Effective environmental scanning requires dedication

Environmental scanning is one of the most important preliminary activities in strategic planning. It is the process that gives strategy planners the facts to help them create realistic tactics.

It involves seeking ready data that help in forecasting what the atmosphere could be like in the years to come. This is its major point of departure from the more familiar SWOT and PESTEL analyses, which dwell heavily on the present state of affairs. In fact, in environmental scanning, SWOT and PESTEL are components that fit into a larger analytical frame.

The futuristic effort in understanding the operational environment for the business makes a lot of sense in strategic planning, which in itself focuses on the future. In modern-day environmental scanning, the strategy planners must be alive to the possibility of fresh factors coming into play later, and as much as possible, predict them.

Given its importance, environmental scanning must be undertaken with utmost dedication. After all, it sets the tone for the strategic plan. It presents the facts that inform the strategic decisions and direction.

Think of it as a medical diagnosis that helps the doctor to decide the treatment to put a patient on. What would happen if the diagnosis was wrong? Environmental scanning is similarly substantial, hence my reference to it as the EPIC TaSK. This acronym denotes the importance of the environmental domains that must be assessed during the scanning, as opposed to the commonly used version – SKEPTIC – which stands for Socio-demographics, Competition, Economics, Environmental, Political, Technical, Industry and Customer.

For me, EPIC TaSK represents Economic, Environmental, Political, Industry, Customer, Technical, Socio-demographics and Competition (Note that in these acronyms, competition is deliberately represented by ‘K’ to make meaningful words out of the acronyms). A thorough understanding of these areas helps to chart the strategic direction of the organisation.

While many institutions undertake this task once for every strategic plan period (usually five or three years), the prevailing circumstances make it necessary to revisit the process with increased frequency. The world has become more dynamic. The assumption that the environmental circumstances will remain as assessed for more than one year can in the present circumstances be suicidal.

Ideally, these factors should be reviewed every quarter or every six months at the minimum, depending on the nature of the business. Some organisations are more exposed to rapid changes than others, and may need to do more frequent reviews of their operational environments. Compare a steel manufacturer with an electronic goods maker, for example. Granted, the latter today faces more rapid changes in technologies and consumer demands, and has to be on constant alert not to be caught napping.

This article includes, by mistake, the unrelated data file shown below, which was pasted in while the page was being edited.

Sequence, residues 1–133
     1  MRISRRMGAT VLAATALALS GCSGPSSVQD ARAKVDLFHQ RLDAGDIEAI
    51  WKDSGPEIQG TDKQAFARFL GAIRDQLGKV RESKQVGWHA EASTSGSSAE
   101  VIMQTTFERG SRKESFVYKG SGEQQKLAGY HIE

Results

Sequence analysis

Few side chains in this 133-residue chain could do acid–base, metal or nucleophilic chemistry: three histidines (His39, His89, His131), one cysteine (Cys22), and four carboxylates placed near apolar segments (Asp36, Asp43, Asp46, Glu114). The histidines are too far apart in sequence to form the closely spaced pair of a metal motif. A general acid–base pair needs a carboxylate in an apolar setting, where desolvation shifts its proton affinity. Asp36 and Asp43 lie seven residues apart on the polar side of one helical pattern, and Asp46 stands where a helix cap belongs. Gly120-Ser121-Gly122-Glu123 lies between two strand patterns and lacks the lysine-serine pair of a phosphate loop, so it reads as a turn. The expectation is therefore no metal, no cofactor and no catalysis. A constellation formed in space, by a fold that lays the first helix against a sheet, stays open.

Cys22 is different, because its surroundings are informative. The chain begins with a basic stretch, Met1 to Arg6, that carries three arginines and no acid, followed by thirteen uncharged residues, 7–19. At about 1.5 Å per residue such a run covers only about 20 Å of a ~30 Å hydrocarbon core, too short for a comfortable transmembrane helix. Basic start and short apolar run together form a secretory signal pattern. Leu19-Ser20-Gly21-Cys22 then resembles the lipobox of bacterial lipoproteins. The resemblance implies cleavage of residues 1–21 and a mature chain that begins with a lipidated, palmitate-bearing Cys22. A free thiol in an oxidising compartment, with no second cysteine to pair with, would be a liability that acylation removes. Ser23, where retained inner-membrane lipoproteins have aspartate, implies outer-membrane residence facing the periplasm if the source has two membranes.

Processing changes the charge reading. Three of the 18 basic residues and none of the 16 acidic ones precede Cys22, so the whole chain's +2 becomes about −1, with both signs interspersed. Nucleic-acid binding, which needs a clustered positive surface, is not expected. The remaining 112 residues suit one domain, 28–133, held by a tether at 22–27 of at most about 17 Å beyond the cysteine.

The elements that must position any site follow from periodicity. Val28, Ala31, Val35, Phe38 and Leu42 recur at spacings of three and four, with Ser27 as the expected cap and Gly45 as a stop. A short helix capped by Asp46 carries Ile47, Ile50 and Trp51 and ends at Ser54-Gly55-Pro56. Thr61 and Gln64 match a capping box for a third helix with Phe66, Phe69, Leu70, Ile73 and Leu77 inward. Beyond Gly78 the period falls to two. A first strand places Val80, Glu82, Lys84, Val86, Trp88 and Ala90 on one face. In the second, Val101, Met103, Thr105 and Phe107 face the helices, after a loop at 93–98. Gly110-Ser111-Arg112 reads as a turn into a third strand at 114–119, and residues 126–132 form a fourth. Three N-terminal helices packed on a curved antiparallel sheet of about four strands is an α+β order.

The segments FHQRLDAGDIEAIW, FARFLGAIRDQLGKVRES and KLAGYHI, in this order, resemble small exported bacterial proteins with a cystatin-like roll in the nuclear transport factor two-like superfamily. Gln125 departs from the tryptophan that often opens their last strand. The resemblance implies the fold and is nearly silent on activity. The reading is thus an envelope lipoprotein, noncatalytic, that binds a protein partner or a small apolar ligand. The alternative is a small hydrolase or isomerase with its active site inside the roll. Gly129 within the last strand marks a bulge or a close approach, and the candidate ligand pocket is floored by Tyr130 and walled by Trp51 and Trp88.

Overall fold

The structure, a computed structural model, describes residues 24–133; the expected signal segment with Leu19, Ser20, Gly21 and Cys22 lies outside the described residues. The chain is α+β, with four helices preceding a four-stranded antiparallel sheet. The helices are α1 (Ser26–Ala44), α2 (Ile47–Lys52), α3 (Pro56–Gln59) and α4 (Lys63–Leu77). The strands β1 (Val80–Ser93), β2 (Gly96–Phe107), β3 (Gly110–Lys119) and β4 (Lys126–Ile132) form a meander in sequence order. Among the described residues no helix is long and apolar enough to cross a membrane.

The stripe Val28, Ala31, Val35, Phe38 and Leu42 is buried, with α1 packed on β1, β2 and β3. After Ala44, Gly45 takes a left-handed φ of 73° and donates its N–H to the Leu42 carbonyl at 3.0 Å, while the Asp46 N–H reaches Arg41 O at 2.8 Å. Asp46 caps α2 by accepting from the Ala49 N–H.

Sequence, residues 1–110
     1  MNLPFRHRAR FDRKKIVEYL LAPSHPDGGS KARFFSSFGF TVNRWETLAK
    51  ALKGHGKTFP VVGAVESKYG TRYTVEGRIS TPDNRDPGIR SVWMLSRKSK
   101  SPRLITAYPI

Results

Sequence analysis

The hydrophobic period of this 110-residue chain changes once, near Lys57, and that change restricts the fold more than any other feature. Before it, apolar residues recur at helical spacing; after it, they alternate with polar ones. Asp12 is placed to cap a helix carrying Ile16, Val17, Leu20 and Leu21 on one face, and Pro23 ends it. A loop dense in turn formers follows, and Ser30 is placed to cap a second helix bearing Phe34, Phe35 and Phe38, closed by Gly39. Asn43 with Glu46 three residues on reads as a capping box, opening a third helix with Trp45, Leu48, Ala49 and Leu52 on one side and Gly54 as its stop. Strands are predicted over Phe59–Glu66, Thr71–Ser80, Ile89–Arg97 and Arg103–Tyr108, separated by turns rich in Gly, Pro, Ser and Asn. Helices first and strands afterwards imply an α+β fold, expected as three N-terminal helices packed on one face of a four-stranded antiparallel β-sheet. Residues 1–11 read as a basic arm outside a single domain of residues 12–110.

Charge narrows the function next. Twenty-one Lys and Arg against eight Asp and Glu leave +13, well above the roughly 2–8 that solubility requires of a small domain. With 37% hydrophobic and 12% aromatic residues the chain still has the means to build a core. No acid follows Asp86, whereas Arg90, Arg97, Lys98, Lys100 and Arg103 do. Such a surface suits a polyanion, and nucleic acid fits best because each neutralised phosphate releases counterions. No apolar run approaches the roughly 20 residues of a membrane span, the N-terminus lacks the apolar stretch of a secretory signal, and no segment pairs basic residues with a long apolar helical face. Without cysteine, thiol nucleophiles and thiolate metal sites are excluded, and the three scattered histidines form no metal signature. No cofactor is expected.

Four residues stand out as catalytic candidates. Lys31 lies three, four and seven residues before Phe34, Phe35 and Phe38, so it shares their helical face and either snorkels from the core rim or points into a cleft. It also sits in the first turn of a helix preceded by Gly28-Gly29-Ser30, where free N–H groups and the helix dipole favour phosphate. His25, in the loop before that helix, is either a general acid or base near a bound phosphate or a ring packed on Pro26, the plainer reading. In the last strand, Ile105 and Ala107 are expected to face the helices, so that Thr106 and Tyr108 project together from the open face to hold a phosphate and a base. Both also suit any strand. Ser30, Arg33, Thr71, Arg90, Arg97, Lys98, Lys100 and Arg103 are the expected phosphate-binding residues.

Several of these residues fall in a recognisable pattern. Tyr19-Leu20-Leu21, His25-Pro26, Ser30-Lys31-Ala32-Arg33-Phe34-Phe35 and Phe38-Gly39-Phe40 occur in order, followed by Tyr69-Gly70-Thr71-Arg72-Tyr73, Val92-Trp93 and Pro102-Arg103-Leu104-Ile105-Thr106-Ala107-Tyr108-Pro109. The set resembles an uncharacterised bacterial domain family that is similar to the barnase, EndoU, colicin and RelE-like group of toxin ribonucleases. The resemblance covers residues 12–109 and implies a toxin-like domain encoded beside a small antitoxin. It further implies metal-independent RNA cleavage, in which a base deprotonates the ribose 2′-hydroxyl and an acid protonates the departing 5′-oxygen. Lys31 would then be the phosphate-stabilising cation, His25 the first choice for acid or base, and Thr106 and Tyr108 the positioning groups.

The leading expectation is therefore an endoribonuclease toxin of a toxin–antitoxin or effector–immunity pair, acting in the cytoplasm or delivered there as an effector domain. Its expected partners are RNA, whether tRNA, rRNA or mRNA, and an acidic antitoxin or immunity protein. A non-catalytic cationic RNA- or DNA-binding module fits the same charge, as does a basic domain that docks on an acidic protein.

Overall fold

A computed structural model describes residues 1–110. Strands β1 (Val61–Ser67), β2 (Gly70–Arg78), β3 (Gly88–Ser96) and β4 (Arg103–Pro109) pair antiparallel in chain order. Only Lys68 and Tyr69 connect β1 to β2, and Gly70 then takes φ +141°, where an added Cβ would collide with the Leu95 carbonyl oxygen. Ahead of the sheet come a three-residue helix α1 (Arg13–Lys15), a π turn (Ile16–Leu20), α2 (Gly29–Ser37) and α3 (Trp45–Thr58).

The demands of the strategic environmental scanning requires that a dedicated team is put together. Call it the Strategic Environmental Scanning Committee. This team, made up of a close knit group of talented professionals, should at the very minimum undertake the following responsibilities:

a). Specify the environmental scanning needs. What resources does the organisation need to effectively undertake the task? Institutions assign different weights on the EPIC TaSK domains, depending on the nature of their operations. Being clear on these helps the team to prepare effectively.

b). Identify sources of information. Environmental scanning entails extensive research. It is important that a list of relevant sources of information is generated.

c). Assign carefully selected employees. The employees can be organised into groups according to the environmental domains under EPIC TaSK, and senior managers asked to oversee the teams as per their areas of expertise and interests. For instance, the head of finance could steer the team scanning the economic environment. The HR director would be responsible for the team looking at socio-demographics, while the marketing director could take charge of the customer and competition aspects.

d). Collect data regularly and share the information at the quarterly strategic leadership meeting. This process helps to keep the organisation up to date with emerging environmental circumstances so that it may respond immediately. It gives environmental scanning the dynamic attribute necessary to keep the organisation’s strategies relevant at all times.